Driving Force of Jones County

Employees in front of truck

For the second time in over a year, Sanderson Farms donated a commercial tractor-trailer to Jones County Junior College’s Commercial Truck Driving Program in Ellisville, Mississippi. A 2008 International Pro Star tractor-trailer, complete with poultry cages for student loading and unloading, was recently delivered along with the title to college officials.

“We are very grateful to Sanderson Farms for being aware of the needs of the community,” said Dr. Jesse Smith, President of Jones County Junior College. “This partnership will provide quality training and great opportunities for our students to have a career at Sanderson Farms and the many other trucking companies in need of drivers.”

In 2015, Sanderson Farms donated a 2002 International 9200 sleeper truck, a 1995 Clark live haul trailer, a 2003 International 9200 feed tractor and a 2004 Ledwell feed trailer to JCJC’s Commercial Truck Driving Program. The most recent donation is valued at $26,800, but Sanderson Farms’ Corporate Fleet Manager, Kevin Butler, anticipates the donation will be a profitable investment benefiting both the college and the company.

“We would like to continue to hire quality drivers and we look forward to the future partnership as we grow and the JCJC Commercial Truck Driving program continues to grow as well,” said Butler. “Having the cages to practice loading and unloading will provide another component of training that not all programs can offer. At Sanderson Farms, we want drivers to be able to bind the cages, have knowledge of hauling a live load, as well as understand how to avoid being top-heavy and how the truck handles in different weather conditions.”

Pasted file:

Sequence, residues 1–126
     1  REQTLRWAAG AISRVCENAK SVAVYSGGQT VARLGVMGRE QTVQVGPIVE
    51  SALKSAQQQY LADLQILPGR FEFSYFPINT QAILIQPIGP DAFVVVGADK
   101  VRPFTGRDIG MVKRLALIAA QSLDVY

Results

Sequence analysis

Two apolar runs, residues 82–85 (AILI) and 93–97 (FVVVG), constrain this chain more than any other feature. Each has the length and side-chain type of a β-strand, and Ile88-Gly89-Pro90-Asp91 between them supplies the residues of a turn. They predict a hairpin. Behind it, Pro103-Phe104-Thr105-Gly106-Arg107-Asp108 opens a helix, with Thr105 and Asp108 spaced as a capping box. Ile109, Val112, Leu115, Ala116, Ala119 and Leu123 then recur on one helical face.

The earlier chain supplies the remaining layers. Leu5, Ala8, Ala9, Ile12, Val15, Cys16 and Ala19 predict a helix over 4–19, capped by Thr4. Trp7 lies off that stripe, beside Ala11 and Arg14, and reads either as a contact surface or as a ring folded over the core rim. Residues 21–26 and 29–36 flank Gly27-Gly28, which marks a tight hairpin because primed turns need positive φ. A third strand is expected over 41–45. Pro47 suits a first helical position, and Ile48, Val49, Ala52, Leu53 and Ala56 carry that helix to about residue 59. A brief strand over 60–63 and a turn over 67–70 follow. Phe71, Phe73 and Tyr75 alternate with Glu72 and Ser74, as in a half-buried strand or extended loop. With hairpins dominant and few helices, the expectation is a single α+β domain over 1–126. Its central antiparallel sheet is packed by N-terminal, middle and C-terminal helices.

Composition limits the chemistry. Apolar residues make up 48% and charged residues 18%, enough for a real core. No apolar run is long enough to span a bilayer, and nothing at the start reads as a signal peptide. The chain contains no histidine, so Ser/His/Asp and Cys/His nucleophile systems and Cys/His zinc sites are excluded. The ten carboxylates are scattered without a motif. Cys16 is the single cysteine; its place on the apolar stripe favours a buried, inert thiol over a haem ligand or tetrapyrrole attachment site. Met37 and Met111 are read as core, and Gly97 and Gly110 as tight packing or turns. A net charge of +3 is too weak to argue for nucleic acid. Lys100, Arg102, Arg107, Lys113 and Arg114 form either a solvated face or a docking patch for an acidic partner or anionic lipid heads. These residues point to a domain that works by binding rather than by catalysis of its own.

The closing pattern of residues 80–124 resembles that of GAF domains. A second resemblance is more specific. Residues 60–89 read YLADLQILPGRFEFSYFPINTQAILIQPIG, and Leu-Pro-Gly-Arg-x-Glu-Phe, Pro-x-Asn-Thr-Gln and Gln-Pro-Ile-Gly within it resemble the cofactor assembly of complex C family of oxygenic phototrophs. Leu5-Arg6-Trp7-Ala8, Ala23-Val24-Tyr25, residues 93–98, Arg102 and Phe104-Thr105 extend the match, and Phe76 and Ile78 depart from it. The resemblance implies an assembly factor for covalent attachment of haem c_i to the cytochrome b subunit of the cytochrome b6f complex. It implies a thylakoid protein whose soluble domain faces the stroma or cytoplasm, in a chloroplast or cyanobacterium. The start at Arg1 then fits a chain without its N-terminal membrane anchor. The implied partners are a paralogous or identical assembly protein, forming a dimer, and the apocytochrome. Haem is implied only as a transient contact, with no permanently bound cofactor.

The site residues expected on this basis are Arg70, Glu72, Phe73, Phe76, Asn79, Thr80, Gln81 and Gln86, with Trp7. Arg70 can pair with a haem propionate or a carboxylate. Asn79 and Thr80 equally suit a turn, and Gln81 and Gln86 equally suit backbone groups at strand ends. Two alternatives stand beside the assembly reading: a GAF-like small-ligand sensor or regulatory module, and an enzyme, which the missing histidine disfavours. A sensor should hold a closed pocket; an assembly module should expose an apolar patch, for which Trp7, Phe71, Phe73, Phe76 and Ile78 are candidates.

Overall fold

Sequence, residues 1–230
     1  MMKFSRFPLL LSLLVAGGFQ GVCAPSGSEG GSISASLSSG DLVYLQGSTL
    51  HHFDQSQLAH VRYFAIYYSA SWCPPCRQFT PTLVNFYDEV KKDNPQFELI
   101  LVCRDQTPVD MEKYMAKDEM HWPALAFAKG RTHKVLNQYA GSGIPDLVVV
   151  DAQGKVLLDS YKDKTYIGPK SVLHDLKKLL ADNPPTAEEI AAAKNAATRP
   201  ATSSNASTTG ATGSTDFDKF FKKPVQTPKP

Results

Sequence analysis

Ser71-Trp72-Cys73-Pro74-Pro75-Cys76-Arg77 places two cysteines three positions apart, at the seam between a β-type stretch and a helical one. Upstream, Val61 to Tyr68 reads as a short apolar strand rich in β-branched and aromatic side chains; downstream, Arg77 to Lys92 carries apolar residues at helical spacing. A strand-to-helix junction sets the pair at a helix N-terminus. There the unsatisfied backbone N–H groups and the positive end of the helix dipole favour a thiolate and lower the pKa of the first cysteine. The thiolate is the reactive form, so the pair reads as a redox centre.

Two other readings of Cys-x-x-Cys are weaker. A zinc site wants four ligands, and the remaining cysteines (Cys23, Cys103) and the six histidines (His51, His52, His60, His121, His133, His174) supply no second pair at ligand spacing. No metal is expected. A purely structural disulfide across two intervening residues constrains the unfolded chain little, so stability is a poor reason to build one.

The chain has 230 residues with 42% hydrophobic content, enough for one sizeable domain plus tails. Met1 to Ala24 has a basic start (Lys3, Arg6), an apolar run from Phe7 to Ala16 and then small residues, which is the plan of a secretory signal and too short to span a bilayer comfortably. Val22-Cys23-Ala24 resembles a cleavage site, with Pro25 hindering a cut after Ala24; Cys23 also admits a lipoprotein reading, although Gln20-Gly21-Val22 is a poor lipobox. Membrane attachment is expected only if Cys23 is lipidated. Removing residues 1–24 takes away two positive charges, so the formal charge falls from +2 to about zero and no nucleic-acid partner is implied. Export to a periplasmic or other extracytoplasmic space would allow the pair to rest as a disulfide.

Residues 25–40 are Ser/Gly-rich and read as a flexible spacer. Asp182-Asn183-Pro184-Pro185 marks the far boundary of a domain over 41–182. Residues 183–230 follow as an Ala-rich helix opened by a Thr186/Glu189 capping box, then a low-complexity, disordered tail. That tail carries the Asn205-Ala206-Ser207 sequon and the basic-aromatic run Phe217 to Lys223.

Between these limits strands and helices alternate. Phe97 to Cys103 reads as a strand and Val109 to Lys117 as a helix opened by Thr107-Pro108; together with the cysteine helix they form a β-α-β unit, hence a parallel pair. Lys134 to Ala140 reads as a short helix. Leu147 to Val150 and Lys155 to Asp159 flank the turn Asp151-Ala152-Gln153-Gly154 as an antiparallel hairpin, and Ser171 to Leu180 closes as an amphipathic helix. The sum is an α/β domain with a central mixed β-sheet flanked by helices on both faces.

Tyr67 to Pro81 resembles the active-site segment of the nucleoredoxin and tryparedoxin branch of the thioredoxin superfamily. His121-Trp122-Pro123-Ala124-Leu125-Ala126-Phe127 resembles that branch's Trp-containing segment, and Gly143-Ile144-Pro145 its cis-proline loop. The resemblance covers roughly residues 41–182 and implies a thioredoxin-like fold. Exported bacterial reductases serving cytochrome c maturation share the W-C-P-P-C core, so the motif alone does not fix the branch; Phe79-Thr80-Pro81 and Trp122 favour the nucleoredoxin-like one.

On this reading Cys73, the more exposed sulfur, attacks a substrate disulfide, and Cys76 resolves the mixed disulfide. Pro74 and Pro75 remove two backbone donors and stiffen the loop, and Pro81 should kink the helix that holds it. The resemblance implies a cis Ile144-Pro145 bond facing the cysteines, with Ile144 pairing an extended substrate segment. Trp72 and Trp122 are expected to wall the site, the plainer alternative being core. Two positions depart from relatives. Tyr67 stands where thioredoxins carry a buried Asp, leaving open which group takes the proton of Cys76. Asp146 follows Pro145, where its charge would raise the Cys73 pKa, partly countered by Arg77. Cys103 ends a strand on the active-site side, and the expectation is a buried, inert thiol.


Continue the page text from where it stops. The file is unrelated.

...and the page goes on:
JCJC’s commercial truck driving class begins every seven weeks at the Ellisville campus, Monday through Friday, 8 a.m. until 3 p.m. with students receiving comprehensive training and a certificate upon completion. Workforce development courses are also available at the college’s centers in Greene and Wayne counties and are designed for non-traditional students. Non-credit workforce development courses are an opportunity for the working population to improve their skills and are typically offered in the evenings and on weekends.

“I see this gift as a big benefit for JCJC because there is a big demand for good truck drivers with experience,” said Billy Miller, JCJC Commercial Truck Driving Instructor. “Every one of our students has a job upon completion if they are willing to work. If they pass, they get their Class ‘A’ CDL. They also get a certificate from the truck driving program and a certificate from JCJC.”